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The Platypus Review

Latest Issue: #101

WHEN PRESIDENT TRUMP ANNOUNCED the withdrawal of the United States from the Paris Climate Accord on June 1, 2017, for many liberals it meant that doom was upon us, that the earth was surely soon to be uninhabitable. Yet, if the Paris Accord was the best shot that our civilization had at survival, we were perhaps doomed from the start. NASA scientist James Hansen, at least, one of the earliest voices to raise the alarms about the effects of climate change, had deemed the Accord to be thoroughly inadequate to begin with.
On October 12, 2017, Erin Hagood interviewed Mark Bray, a participant in the Occupy Wall Street demonstrations, lecturer at Dartmouth and author of Antifa: The Anti-Fascist Handbook, to discuss the relationship of the anti-fascist movement to the Left and the challenges it faces in the age of Trump. The interview was aired during an episode of “Radical Minds” on WHPK-FM 88.5 Chicago. What follows is an edited transcript of the interview.
No act during the Bolshevik Revolution is more controversial than the decision to suppress the Constituent Assembly in January 1918. A century later, no question is politically more relevant.
IN HIS LATEST BOOK Continuity and Rupture (2016), professor of philosophy at York University Josh Moufawad-Paul argues that the science of revolution has undergone a qualitative change in its epistemological foundation. What was taken as truth in the theory of Marxism-Leninism needs to be reconsidered in the light of the continual unfolding of history. The contradictions of Leninism can no longer be ignored, both in the light of the wealth of 20th century Marxist philosophy as well as the concrete experiences of class struggle.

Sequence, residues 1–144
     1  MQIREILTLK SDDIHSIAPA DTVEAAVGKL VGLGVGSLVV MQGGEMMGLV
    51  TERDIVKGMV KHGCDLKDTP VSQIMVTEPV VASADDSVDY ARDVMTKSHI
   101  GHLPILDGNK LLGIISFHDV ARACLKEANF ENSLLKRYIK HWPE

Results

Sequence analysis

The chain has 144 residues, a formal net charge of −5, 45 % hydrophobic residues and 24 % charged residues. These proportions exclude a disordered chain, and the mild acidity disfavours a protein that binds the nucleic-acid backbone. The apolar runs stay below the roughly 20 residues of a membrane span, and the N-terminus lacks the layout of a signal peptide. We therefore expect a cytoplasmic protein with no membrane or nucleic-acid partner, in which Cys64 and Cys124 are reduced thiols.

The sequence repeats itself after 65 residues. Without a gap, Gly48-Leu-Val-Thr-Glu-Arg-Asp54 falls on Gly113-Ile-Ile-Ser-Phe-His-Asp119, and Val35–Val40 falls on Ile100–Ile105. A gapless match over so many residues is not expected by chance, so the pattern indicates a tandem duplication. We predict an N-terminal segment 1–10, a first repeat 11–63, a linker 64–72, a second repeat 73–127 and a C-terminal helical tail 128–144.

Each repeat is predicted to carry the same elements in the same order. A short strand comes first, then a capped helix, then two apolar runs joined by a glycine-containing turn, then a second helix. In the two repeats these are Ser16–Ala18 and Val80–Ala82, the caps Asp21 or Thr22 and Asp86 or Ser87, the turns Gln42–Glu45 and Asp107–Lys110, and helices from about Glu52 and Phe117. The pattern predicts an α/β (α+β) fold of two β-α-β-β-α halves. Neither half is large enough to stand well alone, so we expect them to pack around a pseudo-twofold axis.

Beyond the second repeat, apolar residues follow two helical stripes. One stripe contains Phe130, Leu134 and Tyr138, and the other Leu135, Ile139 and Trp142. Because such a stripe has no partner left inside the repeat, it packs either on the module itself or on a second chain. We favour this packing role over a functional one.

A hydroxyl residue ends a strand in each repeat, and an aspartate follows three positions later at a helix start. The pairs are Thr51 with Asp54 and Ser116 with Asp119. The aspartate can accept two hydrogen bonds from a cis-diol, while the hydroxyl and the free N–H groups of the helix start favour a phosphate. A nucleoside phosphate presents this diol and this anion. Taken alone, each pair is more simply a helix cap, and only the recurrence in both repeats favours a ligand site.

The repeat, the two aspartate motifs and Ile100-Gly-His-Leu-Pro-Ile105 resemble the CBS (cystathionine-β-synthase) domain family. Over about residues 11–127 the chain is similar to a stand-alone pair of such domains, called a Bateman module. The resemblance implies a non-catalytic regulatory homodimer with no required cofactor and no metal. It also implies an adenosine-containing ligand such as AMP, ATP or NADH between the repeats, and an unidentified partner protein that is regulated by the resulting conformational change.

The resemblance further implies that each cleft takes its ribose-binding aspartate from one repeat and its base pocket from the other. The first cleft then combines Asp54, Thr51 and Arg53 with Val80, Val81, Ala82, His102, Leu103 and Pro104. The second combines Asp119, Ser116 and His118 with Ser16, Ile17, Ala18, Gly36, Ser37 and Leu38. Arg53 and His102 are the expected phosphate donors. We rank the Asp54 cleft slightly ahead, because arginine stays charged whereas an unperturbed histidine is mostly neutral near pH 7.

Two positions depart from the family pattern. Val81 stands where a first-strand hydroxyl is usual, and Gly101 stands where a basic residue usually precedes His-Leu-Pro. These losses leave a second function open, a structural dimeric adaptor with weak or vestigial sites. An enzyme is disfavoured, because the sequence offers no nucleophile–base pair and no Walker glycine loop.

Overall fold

Editorial Statement

Taking stock of the universe of positions and goals that constitutes leftist politics today, we are left with the disquieting suspicion that a deep commonality underlies the apparent variety: What exists today is built upon the desiccated remains of what was once possible
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Submission Guidelines

Articles in the Platypus Review will typically range in length from 750–4,500 words, but longer pieces will also be considered. Please send article submissions and inquiries about the project to: review_editor@platypus1917.org. All submissions should conform to the Chicago Manual of Style.

Platypus Review Staff

Editor-In-Chief

Laurie Rojas

Senior Editor

Spencer A. Leonard

Production Editor

Sunit Singh

Editors

Nate Smith
Josh Rome
James Vaughn
Nunzia Faes
Edward Remus

Copy Editors

Jacob Cayia
Sophia Freeman
Houston Small

Proof Editor

Thomas Willis

Designer

Daniel Rudin

Web Editor

Evan Odell

Social Media

Matt Cavagrotti

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